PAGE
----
This internet browser is outdated and does not support all features of this site. Please switch or upgrade to a different browser to display this site properly.

Significant LGBTIQA+ stigma remains in WA healthcare system, study finds

Friday 17 May 2024 | By Samuel Jeremic
Image for Significant LGBTIQA+ stigma remains in WA healthcare system, study finds

A new Curtin University report commissioned by Living Proud has revealed the significant challenges LGBTIQA+ people often face accessing healthcare and calls for long-term funding and action across state government to ensure all Western Australians can access essential services and treatments.

Ongoing experiences of stigma, discrimination and exclusion continue to impact on the health and social outcomes for LGBTIQA+ people in Western Australia, highlighting ongoing lack of action to address health disparities in these communities.

Released on the International Day Against Homophobia, Biphobia and Transphobia, the report shares findings from Curtin’s Collaboration for Evidence Research and Impact in Public Health (CERIPH), which collected data on Western Australia’s LGBTIQA+ community’s experiences accessing healthcare, what supports are in place and what more needs to be done.

Study lead Dr Jonathan Hallett said LGBTIQA+ people still faced discrimination when accessing healthcare.

“There have been improvements in the healthcare system, but when we spoke to study participants they were still sharing some really awful stories of direct stigma, or a lack of understanding or assumptions about their lives,” Dr Hallett said.

“We heard of people visiting GPs or health services for a particular issue which had absolutely nothing to do with their gender identity or sexuality, but that topic still became the focus of the discussion.

“One participant was so fearful of how they’d be treated if they accessed a mainstream regional health service that their condition ended up worsening and landed them in emergency.”

CERIPH collaborated on the report with Living Proud, with funding from the WA Primary Health Alliance.

Living Proud Chair Barry Cosker said it addressed a critical need for comprehensive, evidence-based insights to help vulnerable people overcome significant health and wellbeing challenges.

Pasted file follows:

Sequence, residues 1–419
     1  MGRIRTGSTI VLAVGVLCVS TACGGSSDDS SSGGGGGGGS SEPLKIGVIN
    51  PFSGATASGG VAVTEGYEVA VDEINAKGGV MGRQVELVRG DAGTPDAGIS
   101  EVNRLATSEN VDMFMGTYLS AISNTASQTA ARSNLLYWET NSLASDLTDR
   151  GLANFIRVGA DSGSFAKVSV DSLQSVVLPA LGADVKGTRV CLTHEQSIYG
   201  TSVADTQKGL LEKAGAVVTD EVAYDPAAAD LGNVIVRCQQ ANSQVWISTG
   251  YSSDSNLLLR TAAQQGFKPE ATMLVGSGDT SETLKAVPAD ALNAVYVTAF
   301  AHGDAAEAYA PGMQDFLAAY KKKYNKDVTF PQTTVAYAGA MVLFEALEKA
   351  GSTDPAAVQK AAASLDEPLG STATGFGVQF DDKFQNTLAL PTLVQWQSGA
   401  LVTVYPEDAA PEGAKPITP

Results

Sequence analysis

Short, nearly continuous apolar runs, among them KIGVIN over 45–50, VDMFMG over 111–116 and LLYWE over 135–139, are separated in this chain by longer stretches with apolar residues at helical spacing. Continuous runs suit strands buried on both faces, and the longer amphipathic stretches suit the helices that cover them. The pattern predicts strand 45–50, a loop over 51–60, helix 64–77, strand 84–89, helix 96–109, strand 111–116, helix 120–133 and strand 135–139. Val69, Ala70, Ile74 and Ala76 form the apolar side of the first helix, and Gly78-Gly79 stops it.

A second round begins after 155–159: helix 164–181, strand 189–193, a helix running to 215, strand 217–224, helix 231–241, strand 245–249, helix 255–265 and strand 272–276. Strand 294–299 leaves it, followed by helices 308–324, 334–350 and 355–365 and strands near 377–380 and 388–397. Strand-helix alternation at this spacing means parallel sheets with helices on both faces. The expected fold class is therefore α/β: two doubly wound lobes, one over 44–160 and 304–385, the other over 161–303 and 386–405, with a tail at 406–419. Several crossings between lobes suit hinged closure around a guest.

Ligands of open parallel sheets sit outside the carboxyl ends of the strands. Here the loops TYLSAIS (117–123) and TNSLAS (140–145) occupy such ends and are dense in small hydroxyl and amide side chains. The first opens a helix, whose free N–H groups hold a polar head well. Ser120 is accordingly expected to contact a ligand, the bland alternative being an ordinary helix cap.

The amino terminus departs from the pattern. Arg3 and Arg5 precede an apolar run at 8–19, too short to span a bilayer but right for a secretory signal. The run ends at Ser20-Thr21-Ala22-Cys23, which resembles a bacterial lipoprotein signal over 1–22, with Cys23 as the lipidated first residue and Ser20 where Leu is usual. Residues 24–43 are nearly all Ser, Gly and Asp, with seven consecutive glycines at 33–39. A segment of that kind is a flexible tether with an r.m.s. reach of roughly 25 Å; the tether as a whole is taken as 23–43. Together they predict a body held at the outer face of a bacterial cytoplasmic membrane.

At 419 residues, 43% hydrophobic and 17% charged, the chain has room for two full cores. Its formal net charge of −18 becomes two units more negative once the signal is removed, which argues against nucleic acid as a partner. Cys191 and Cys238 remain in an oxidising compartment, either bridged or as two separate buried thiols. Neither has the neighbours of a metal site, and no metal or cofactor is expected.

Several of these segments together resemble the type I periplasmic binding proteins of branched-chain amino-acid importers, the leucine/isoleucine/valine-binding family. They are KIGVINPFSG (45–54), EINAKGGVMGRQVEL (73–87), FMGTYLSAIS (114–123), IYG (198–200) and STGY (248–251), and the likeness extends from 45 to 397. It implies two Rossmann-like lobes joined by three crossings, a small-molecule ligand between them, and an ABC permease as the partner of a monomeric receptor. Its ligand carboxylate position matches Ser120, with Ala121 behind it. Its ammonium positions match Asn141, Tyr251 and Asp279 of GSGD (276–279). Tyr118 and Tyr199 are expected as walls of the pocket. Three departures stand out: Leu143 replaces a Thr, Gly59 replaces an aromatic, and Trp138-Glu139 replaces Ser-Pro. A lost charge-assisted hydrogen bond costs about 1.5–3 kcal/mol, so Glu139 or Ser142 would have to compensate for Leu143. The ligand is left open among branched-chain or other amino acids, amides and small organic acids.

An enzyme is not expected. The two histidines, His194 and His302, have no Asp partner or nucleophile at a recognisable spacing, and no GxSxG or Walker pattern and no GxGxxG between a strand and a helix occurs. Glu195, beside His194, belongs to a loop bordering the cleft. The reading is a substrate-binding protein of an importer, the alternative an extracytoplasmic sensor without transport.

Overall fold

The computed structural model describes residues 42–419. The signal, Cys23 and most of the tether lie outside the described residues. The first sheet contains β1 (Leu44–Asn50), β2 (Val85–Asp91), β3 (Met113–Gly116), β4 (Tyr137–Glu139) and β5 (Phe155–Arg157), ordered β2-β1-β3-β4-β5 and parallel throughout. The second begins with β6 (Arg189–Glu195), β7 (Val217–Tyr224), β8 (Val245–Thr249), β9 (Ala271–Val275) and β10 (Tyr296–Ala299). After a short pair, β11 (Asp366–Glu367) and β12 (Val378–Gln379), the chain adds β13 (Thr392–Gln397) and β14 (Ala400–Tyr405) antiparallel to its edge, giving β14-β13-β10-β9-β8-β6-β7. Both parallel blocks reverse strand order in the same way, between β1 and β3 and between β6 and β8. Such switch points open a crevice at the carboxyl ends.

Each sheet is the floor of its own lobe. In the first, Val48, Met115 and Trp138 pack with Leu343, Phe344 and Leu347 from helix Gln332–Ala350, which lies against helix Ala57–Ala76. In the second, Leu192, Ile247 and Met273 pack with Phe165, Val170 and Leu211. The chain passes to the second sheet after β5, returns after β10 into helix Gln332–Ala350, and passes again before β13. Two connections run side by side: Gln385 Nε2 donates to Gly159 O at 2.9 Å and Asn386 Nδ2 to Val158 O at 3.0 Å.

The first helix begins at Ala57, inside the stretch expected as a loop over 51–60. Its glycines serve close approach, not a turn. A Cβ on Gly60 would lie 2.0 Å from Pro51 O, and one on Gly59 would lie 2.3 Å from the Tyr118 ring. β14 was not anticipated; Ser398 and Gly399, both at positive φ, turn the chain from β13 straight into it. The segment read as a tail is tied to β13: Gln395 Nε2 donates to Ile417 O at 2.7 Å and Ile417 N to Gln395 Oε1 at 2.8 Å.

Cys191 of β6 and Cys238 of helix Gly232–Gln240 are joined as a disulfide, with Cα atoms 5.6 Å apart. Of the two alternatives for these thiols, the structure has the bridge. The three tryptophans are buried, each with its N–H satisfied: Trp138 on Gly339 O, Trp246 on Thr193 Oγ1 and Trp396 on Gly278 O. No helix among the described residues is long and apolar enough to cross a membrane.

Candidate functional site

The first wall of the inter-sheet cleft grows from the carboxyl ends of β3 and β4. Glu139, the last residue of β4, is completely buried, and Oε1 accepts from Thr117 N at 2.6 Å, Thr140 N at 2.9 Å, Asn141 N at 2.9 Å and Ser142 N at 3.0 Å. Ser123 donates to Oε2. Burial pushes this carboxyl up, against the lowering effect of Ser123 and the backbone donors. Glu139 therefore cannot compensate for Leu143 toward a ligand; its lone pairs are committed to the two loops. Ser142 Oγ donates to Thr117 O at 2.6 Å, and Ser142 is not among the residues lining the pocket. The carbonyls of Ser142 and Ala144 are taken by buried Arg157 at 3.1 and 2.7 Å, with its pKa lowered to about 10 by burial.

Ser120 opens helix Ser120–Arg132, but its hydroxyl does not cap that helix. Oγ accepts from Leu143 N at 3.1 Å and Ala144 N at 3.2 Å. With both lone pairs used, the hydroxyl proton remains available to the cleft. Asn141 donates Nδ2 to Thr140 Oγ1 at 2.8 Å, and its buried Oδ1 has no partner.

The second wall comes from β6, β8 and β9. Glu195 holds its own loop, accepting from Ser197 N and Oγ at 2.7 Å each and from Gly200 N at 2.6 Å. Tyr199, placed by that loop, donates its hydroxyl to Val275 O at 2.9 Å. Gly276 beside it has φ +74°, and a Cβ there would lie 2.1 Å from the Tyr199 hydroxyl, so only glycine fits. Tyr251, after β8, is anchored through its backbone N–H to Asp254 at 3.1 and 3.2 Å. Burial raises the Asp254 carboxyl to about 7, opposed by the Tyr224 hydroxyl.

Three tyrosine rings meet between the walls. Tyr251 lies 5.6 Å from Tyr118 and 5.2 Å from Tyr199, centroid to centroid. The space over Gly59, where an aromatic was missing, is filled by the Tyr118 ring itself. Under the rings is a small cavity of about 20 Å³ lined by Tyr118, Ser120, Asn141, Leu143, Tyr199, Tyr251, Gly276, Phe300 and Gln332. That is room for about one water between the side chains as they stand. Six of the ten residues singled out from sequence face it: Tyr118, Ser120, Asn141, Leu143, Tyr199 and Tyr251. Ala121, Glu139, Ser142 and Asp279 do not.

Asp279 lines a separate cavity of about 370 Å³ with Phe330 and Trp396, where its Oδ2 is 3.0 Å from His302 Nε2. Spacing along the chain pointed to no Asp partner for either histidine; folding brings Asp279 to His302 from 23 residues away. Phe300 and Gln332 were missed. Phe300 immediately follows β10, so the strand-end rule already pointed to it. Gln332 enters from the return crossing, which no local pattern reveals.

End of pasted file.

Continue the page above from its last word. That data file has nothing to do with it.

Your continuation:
“We believe this report will help usher in a new, informed approach to understanding and responding to LGBTIQA+ health needs and priorities in Western Australia,” Mr Cosker said.

“It will assist policy direction and strategic planning across the entire primary healthcare ecosystem, forming a foundation for future efforts to reduce the health and wellbeing disparities the LGBTIQA+ community continues to experience.”

While there are many LGBTIQA+-specific resources available, the report found they were often community and volunteer-driven, which limited the ability to adequately reach everyone who needed their services.

“These organisations have a really strong understanding of what the community needs, but they’re also incredibly under-resourced,” Dr Hallett said.

“These are crucial services, but they aren’t being sufficiently supported.

“They need secure, long-term government funding so they can provide services to all who need them, including in regional areas where LGBTIQA+ people experience even greater inequity and barriers to accessing appropriate and safe healthcare.”

Findings also identified significant gaps in the way data on LGBTIQA+ people is collected and reported, particularly in relation to trans and non-binary people and those with variations of sex characteristics.

“The quality of data is still lacking, rendering LGBTIQA+ communities invisible and undermining service planning in many areas,” Dr Hallett said.

The report calls for wide-spread adoption of Australian Bureau of Statistics standards to increase data quality and enhance LGBTIQA+ communities’ visibility in health and social service data.

It also highlights the need to encourage more LGBTIQA+ people into the health workforce and calls for improved training for current and future professionals so they can provide quality care to the LGBTIQA+ community.